icd 10 mainstreamIs there a perfect storm coming in the form of ICD-10 coding, ACA reforms, and Meaningful Use? Will some doctors go out of business because of a failure to prepare for the ICD-10 changeover?
All of these possibilities were explored in a New York Times article last week. The article starts out playfully, noting that ICD-10 includes medical billing codes for a person who drowned from jumping off burning water skis, someone who was injured in a spacecraft, and someone who was attacked by an Orca whale.
But the article is notable for several reasons. First, it shines a spotlight on the massive changes occurring in healthcare, many simultaneously, bringing them into focus for the general public. Second, it has yet another definitive statement about the October 1 deadline—a CMS spokeswoman said the agency was “committed to implementing ICD-10 on Oct. 1, 2014, and that will not change.”
Third, it contains perspectives from several industry viewpoints:

  • “If you don’t code properly, you don’t get paid. It’s going to put a lot of doctors out of business,” Dr. W. Jeff Terry, urologist, Mobile, Ala.
  • “Failure to appropriately test ICD-10 could result in operational problems similar to what [HHS] experienced with the rollout of HealthCare.gov,” Medical Group Management Association.
  • The need to prepare for ICD-10 and the Affordable Care Act and to achieve so-called meaningful use of electronic health records all at once could overwhelm computer staffs throughout the healthcare industry, Dr. John D. Halamka, CIO, Beth Israel Deaconess Medical Center, Boston
  • “It doesn’t matter what deadline we get. We’ll find a way not to meet it,” Rhonda Buckholtz, vice president for ICD-10 education and training at the American Academy of Professional Coders.

In a previous post, we’ve discussed how the large majority of physicians are overwhelmed by the all changes incoming for ICD-10. Of course, the ICD-10 picture is not entirely gloomy. One notable bright spot is Christopher Chute, professor of biomedical informatics at Mayo Clinic, who told the Times, “It’s not going to be a shock to the industry to confront this. We’ve literally had seven or eight years to anticipate it.”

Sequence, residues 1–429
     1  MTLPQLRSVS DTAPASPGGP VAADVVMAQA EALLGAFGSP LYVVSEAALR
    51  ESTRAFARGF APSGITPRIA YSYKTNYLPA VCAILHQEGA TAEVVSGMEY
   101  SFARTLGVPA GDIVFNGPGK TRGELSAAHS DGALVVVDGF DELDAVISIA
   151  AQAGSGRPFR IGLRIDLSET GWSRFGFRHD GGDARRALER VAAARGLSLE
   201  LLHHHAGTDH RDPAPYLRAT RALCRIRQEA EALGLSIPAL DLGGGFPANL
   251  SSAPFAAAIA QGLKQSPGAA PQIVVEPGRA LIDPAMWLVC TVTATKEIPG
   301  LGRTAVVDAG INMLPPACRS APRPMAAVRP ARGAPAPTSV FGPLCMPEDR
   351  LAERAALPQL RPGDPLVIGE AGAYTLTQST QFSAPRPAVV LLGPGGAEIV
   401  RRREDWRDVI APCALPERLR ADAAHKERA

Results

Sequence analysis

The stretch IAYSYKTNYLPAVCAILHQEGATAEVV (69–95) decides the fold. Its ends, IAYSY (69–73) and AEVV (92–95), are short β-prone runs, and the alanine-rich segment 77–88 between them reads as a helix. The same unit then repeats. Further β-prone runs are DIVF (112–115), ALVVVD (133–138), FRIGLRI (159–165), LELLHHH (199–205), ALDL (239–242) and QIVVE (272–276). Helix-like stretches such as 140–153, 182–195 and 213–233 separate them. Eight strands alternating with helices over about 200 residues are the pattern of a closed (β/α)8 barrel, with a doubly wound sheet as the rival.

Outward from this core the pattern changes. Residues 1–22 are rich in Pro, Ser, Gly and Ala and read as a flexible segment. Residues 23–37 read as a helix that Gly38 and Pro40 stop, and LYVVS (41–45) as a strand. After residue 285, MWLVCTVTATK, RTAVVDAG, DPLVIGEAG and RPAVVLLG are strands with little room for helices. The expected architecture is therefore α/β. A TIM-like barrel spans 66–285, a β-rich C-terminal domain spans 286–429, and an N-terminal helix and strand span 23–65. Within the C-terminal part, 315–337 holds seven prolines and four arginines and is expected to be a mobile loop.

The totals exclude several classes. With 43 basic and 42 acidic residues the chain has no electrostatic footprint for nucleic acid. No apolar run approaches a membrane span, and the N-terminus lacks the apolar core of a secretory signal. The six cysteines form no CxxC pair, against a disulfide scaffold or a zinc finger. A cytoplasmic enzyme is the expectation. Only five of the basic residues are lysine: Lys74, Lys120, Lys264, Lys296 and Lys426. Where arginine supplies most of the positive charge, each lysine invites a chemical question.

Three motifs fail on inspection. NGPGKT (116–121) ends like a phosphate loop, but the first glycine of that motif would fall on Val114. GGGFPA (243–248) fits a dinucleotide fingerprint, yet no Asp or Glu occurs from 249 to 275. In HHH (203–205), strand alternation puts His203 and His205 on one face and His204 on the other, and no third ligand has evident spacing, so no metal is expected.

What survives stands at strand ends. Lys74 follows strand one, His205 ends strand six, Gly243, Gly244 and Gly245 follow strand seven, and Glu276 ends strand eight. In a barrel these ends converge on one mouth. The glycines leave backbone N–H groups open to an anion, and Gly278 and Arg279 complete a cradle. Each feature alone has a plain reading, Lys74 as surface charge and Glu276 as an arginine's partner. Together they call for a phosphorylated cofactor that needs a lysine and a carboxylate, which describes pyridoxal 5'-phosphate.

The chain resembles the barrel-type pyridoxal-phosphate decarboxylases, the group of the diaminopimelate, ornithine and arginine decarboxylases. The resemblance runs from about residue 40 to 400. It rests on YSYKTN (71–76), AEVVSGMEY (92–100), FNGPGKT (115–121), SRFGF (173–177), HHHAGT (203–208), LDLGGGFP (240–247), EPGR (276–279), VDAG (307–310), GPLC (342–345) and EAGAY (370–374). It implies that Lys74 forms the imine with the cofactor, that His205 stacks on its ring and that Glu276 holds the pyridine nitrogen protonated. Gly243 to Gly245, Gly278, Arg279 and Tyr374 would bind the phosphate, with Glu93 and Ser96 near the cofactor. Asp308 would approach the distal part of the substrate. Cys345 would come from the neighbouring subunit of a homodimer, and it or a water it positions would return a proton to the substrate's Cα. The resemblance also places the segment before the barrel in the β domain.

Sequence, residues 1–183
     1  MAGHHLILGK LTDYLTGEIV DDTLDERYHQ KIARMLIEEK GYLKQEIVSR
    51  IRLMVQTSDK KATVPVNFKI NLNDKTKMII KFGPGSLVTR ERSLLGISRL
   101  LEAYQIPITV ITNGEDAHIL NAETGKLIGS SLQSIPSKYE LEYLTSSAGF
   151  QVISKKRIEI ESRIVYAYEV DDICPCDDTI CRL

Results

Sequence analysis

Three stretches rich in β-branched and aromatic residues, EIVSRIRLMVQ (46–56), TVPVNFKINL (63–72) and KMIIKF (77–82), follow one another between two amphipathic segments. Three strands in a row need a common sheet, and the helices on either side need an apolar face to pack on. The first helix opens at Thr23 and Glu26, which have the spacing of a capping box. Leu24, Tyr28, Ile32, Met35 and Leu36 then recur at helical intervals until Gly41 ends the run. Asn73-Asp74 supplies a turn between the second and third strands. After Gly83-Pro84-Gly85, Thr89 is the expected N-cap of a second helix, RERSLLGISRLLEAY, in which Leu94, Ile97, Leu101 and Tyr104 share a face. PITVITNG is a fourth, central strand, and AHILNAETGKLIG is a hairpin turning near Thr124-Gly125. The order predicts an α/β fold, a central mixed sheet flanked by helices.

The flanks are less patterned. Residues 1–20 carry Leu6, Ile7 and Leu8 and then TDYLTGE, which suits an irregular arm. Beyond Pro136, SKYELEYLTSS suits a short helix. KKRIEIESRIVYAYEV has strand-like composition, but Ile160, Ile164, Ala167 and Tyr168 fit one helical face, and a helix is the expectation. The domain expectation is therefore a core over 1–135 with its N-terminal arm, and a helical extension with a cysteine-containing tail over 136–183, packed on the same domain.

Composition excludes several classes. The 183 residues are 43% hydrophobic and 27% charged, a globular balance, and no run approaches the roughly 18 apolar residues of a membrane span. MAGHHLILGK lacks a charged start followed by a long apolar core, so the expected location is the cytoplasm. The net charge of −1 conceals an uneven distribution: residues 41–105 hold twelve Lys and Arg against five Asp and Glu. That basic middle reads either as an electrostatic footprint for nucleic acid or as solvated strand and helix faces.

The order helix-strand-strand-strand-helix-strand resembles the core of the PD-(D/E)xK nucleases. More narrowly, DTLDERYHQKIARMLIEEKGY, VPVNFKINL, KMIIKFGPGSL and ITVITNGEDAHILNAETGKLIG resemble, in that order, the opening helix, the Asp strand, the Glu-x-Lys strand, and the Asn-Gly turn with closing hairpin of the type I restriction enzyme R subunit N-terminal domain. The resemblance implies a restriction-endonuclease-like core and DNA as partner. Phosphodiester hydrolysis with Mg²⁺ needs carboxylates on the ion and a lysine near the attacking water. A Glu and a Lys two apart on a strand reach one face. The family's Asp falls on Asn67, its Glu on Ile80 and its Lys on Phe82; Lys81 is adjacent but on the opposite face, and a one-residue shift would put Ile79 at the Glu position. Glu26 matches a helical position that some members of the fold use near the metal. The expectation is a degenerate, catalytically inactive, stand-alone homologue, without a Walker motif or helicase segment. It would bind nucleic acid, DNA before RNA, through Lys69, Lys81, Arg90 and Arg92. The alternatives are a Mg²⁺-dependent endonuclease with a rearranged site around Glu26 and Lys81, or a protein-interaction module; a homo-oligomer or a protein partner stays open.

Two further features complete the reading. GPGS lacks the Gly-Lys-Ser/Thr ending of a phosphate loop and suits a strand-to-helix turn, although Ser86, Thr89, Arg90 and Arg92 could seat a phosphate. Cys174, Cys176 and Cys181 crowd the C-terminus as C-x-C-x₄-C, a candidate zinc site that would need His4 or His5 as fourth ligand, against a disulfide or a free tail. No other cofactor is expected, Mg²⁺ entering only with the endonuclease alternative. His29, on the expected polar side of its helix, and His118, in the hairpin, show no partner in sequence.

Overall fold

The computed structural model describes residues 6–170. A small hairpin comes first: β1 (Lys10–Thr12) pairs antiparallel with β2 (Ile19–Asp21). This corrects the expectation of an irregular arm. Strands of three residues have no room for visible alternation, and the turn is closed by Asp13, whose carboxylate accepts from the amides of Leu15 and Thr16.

Lee Browder, national director of the Professional Association of Healthcare Coding Specialists, is also optimistic, saying the transition should not be too hard for coders. He likened it to the introduction of longer ZIP codes—there are now more codes, but the concept is the same.
However, reporter Andrew Pollack includes the sticking point that all ICD-10 discussions get around to eventually. “The transition could be tougher for doctors, because they will have to be more specific in describing a patient’s condition,” he writes. We have talked about different ways to avoid ICD-10 challenges and to be best prepared for the switchover.

As we enter into another year of using ICD-10 healthcare codes, there have been new additions to the list of existing codes. These changes come in the wake of the coronavirus-19 and CDC has announced that these codes will take effect beginning the new year, invalidating previous codes used for reporting.

These new additions include:

  • Z11.52 – Encounter for screening for COVID-19
  • Z20.822 – Contact and potential exposure to COVID-19
  • Z86.16 – Personal history of COVID-19
  • M35.81 – Multisystem inflammatory syndrome
  • M35.89 – Issue of systemic involvement of connective tissue
  • J12.82 – Pneumonia due to COVID-19

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Last Updated on January 11, 2021